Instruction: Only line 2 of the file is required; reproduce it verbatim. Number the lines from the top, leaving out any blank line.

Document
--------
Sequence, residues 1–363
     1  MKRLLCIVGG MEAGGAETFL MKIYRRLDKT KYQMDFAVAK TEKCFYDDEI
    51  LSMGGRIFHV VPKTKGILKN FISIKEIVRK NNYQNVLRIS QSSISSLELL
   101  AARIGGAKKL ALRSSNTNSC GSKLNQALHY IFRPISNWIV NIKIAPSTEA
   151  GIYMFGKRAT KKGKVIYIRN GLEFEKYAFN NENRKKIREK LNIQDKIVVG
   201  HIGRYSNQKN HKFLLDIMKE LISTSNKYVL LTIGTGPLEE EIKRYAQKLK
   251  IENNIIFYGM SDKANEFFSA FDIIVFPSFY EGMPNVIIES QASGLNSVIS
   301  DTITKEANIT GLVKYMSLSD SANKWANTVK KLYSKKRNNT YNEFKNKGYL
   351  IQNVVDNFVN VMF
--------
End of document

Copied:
     1  MKRLLCIVGG MEAGGAETFL MKIYRRLDKT KYQMDFAVAK TEKCFYDDEI